Oh, so pretty

I feel pretty,
Oh, so pretty,
I feel pretty and witty and bright!
And I pity
Any girl who isn’t me tonight.

* * *

I got got an extraordinarily short haircut on Saturday. Much shorter than what I’m used to. On the way home, I was looking at it in the rear view mirror and thought I looked a bit like a convict. I dismissed my critique and thought, who’s going to pay any mind? Who’s going to care?

I walked in the house and 10-Year Old Daughter, literally, stopped dead in her tracks and said, “OH, MY GOD! You look so WEIRD!” Knowing how vain I am, Mrs. Wife immediately sprung into damage control mode but it’s no use. Kids speak the truth.

I now spend my time tugging on my hair, trying to get it to grow quicker by pulling it out of its follicles. It’s a losing game.

* * *

I meditated on this latest deformity and realized that although I am fit and healthy in the broad sense of the term, I have a host of annoyances that are indicative of growing older. To wit:

  • The day after I go for a run, the bottom of my right heel hurts. I’m hoping it’s because I run in old shoes and that it’s not something more serious, like a bone spur. Whatever the hell that is.
  • When I walk up a flight of stairs, my knees crackle like a bowl of Rice Krispies right after you pour milk on them. No pain to report.
  • I pulled my left groin muscle last summer. It still hurts during my pre-workout stretching routing. Otherwise, I don’t notice it so much.
  • I used to be able to drink coffee by the potful. Before we were old enough to get into bars, we’d sit in coffee shops and consume inhumane quantities. Today, my digestive system cannot cope with more than a cup or two per day.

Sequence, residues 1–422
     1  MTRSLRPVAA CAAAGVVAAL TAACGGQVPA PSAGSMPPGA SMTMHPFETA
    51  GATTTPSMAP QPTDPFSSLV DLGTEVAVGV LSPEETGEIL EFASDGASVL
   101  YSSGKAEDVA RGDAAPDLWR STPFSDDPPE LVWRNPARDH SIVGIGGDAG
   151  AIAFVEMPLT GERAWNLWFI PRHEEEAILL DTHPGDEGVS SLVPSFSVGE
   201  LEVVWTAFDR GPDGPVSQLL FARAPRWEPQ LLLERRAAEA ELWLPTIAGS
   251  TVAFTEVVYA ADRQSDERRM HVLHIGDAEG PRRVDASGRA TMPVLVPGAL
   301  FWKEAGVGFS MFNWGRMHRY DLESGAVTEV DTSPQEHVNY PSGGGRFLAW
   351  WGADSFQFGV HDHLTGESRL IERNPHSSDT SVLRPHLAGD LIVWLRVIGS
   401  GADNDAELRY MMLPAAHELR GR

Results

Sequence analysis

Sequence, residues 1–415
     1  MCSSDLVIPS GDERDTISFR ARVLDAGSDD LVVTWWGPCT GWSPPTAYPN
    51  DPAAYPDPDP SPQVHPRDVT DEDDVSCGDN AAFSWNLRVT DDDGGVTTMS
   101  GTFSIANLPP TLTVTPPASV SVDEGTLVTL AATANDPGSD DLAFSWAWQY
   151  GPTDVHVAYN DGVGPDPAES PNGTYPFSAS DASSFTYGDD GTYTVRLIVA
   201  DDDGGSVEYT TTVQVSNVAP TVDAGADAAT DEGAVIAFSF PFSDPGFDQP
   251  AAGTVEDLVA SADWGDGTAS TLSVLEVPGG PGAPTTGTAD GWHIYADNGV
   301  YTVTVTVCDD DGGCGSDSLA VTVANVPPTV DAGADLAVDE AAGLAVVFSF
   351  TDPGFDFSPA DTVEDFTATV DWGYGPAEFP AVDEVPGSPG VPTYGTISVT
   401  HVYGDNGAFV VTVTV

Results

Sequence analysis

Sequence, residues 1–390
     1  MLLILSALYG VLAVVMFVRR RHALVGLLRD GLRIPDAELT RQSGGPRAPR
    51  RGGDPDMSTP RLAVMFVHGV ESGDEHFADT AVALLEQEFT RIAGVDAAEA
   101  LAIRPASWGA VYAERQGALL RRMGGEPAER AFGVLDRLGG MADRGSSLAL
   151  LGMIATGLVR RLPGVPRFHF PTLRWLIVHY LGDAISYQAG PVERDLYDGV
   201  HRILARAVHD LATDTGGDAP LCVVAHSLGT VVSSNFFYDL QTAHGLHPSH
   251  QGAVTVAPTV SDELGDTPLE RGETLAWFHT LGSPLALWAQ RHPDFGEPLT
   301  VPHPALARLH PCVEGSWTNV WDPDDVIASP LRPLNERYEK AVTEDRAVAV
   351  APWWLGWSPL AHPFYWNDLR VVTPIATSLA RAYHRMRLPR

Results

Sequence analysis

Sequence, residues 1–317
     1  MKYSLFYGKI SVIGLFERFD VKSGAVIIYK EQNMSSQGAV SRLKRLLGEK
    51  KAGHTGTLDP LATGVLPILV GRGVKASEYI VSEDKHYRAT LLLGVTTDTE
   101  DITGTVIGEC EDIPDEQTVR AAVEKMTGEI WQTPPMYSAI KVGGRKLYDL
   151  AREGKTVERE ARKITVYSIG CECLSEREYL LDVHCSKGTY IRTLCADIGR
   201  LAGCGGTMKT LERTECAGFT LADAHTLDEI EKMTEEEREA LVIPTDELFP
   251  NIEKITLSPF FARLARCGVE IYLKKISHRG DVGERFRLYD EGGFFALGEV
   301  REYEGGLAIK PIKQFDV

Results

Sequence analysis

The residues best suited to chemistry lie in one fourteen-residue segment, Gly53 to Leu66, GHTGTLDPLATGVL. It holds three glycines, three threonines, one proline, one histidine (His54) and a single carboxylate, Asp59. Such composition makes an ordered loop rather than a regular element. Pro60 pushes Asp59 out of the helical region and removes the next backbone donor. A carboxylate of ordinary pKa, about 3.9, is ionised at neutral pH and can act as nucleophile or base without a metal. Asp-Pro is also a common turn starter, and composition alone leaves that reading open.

• My left shoulder has slight pain. I think it’s because of the ergonomics (or lack thereof) of my desk space at work.
  • I don’t know if it’s the lighting or the monitor but if I work on our PC desktop at home for more than, say, :20 minutes, I’ll get a massive throbbing headache and my eyeballs will pound for days afterwards. Each beat of my heart is a punch in the head. This is a serious problem.
  • My right hand used to cramp up into a claw because of carpal tunnel but I taught myself to manipulate a mouse with my left hand, so this is no longer an issue. I’m not sure what I’ll do if my left hand decides to shut down.

I may have a murderously short haircut but at least it’ll all eventually grow back (albeit, with a little more grey than I would like). So I’ve got that going for me.

Jesus takes a mulligan

mul·li·gan. Noun. Golf. A shot not counted against the score, permitted in unofficial play to a player whose previous shot was poor.

* * *

Whitney Houston was a daughter of New Jersey, so her passing was big news out here. Her funeral became a cause célèbre. Who got to go? Did you hear who performed? Jessie Jackson made sure he got some face time in front of a camera. The governor got into hot water for ordering the state flag to be flown at half mast. Traditionally, that’s an honor reserved for men and women in uniform who gave their lives for God and country, not drug addled celebrities who were blessed with angelic voices. People are heaping damnation on Bobby Brown but I’ve read that he and Whitney were two of a kind and that she is not blameless.